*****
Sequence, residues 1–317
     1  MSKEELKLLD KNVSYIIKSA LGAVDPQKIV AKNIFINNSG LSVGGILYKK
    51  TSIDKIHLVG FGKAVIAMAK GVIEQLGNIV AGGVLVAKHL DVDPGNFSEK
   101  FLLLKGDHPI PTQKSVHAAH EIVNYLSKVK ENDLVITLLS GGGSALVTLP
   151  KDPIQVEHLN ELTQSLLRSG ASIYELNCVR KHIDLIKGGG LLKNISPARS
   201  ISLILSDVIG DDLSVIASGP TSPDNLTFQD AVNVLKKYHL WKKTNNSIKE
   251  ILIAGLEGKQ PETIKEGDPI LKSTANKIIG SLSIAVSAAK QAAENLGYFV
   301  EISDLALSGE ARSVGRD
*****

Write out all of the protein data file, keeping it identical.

Sequence, residues 1–317
     1  MSKEELKLLD KNVSYIIKSA LGAVDPQKIV AKNIFINNSG LSVGGILYKK
    51  TSIDKIHLVG FGKAVIAMAK GVIEQLGNIV AGGVLVAKHL DVDPGNFSEK
   101  FLLLKGDHPI PTQKSVHAAH EIVNYLSKVK ENDLVITLLS GGGSALVTLP
   151  KDPIQVEHLN ELTQSLLRSG ASIYELNCVR KHIDLIKGGG LLKNISPARS
   201  ISLILSDVIG DDLSVIASGP TSPDNLTFQD AVNVLKKYHL WKKTNNSIKE
   251  ILIAGLEGKQ PETIKEGDPI LKSTANKIIG SLSIAVSAAK QAAENLGYFV
   301  EISDLALSGE ARSVGRD